We have an update on No Doubt’s lawsuit against video game company Activision regarding their appearance in the ”Band Hero” game;as fans may remember,back in November 2009,the band sued Activision,alleging that they did not agree to allow the video game developer to let players use their virtual likenesses to perform other songs available on the game(one song specificially mentioned in the suit was ”Honky Tonk Woman” by The Rolling Stones.) Now The Associated Press is reporting that a Los Angeles Superior Court judge ruled today that a jury should be allowed to consider several of the band’s claims, including fraud, violation of publicity rights and breach of contract,rejecting Activsion’s attempt to dismiss the case. We will continue to keep you updated on any further developments.
LOS ANGELES — A judge has rejected an effort by Activision Publishing Inc. to dismiss key claims by the band No Doubt that the gaming giant misused the band’s likeness in the video game “Band Hero.”
Los Angeles Superior Court Judge Ramona See ruled Tuesday that a jury should consider several of the band’s claims, including fraud, violation of publicity rights and breach of contract.
No Doubt sued the gaming company in November 2009, claiming Activision never told the band’s members that their avatars could be used to sing other musicians’ songs. The band’s lawsuit cited instances in which lead singer Gwen Stefani could be used to perform suggestive lyrics from the Rolling Stones’ hit “Honky Tonk Women.”
Jeffery McFarland, an attorney for Activision, said the company had a strong defense and looked forward to a trial.
EDIT: No Doubt’s attorney,Bert Deixler,gave a quote to E! News,saying that the band looks forward to the jury hearing about Activision’s treatment of them;the trial is set to begin sometime later this year. For anyone interested,the original court document can be read here.
In her decision today, L.A. Superior Court Judge Ramona See denied the Santa Monica, Calif.-based company’s petition to toss the suit, effectively sending it to trial later this year.
No Doubt sued the game maker in 2009, accusing Activision of allowing players to manipulate the quartet’s individual avatars in ways they would never have acted in real life, thus violating their publicity rights and, according to the suit, turning them into a “virtual karaoke circus act.”
Such manipulations include “unlocking” mechanisms that gave gamers the ability to have Stefani’s CGI alter ego sing in a male voice and also allowed her male bandmates to sing in female voices—it also enabled the virtual No Doubt to perform solo and cover hit songs by other artists that the foursome would normally never have chosen, such as Gwen crooning the Rolling Stones’ “Honky Tonk Woman.”
“Now that the judge removed the last procedural hurdle Activision erected, No Doubt looks forward to a Los Angeles jury hearing how Activision treated the band,” No Doubt’s attorney, Bert Deixler, told E! News.
An Activision rep said the ruling wasn’t entirely unexpected noting that “it simply means that there are disputed facts and we look forward to trying the case in the courtroom.”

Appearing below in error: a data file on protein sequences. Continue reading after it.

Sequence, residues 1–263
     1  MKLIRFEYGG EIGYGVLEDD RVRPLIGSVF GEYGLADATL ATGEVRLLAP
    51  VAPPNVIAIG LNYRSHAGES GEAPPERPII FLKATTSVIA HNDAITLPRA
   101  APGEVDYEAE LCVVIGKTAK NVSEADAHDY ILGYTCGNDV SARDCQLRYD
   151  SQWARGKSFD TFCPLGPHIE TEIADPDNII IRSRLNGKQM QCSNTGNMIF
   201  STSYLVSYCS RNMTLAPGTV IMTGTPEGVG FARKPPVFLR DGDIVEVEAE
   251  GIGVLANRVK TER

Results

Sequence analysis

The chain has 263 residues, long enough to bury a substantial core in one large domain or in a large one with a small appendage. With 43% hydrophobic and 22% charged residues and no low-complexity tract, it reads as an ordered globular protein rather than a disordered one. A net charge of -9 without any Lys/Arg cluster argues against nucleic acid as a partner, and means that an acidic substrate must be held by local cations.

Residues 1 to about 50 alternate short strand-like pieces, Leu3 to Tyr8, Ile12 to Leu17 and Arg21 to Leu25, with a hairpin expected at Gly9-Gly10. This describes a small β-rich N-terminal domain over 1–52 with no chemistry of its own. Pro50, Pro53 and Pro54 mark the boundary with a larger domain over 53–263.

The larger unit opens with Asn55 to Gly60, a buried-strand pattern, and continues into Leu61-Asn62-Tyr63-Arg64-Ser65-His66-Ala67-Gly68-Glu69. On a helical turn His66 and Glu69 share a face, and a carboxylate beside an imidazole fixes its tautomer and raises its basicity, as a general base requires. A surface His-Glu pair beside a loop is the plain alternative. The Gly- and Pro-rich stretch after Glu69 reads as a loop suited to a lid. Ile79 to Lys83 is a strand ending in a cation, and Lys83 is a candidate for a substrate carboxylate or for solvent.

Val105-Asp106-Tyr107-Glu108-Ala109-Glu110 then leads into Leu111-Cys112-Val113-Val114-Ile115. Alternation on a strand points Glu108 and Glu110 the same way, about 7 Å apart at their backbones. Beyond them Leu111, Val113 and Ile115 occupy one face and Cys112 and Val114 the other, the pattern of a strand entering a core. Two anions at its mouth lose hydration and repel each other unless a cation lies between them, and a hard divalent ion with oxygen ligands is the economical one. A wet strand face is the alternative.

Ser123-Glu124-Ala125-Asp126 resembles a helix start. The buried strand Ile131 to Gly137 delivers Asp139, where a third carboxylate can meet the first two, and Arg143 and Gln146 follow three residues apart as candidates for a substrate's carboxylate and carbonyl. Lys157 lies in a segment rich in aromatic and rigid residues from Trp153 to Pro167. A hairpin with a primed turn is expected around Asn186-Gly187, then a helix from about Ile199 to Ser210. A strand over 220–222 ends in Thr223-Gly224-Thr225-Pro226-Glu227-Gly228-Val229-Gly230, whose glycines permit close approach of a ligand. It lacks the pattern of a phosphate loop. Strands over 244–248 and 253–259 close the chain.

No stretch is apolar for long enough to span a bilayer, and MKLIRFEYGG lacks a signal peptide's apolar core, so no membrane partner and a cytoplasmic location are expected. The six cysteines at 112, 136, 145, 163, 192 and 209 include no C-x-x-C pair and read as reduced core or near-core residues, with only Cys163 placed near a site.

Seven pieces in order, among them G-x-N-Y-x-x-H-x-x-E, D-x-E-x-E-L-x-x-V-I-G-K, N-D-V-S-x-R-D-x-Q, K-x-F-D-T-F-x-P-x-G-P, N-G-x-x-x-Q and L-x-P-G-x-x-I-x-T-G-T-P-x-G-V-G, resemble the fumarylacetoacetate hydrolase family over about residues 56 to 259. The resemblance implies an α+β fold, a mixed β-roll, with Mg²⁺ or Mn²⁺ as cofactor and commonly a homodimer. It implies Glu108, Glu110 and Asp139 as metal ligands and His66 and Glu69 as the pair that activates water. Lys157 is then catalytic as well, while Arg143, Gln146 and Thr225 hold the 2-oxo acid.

UPDATE: The OC Register has posted more quotes from No Doubt’s attorney,Bert Deixler,on the case and is reporting that the band will appear in court to testify when the case goes to trial later this year-we wish the band the very best.
A Superior Court judge’s ruling will allow a lawsuit filed by the band No Doubt against a video game publisher to proceed to a jury trial, set to begin in October.
No Doubt filed a fraud/breach of contract law suit against the video game maker, Activision, in 2009 over the use of the band’s likenesses in the popular game Band Hero. In the game, players perform songs by popular bands – playing as band members.
In this video game image released by Activision, a scene is shown from the game, “Band Hero,” is shown. A Los Angeles judge ruled Tuesday, that the band No Doubt can argue to a jury that gaming giant Activision misused their images in the game “Band Hero” and breached a contract and may have committed fraud by failing to tell that players could use their characters to sing other artists’ songs.
THE ASSOCIATED PRESS
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Players can play three songs by the Grammy Award-winning band, which has roots in Anaheim: “Just a Girl,” “Don’t Speak” and “Excuse Me Mr.”
The band’s attorney, Bert Deixler, said No Doubt members were unaware game players could portray a No Doubt band member and perform non-No Doubt songs.
“You could have (band member) Tony Kanal singing “Just a Girl” in Gwen Stefani’s voice,” Deixler said. “Or you could have Gwen singing ‘Kung Fu Fighting’ with those horrible racially insensitive lyrics.”
(Carl Douglas recorded that song.)
When the band discovered the variations, Deixler said it asked Activision to make changes.
“We know that there’s a way to put in a line of code to lock it,” he said. “They made an internal business decision to do it anyway. So we sued them.”
On Tuesday, Los Angeles Superior Court Judge Ramona See rejected a motion by Activision to throw out the entire case, claiming the lawsuit violated the company’s right to free speech through creative expression.
Deixler said the key point is not expression – but that Activision violated the terms of its contract with the band.
“It makes us looks like goons, and it’s harmful to our brand,” Deixler said.
Band members will attend the jury trial and testify. Deixler said No Doubt is asking for sales of the game to be stopped, as well as unspecified monetary recompensation.
“We’re working on our monetary demand, but it’s in the neighborhood of $10 million,” the lawyer said. “Activision paid $500,000 for three songs. The avatars are able to perform in 63 other songs.”
A lawyer for Activision did not return messages asking for comment.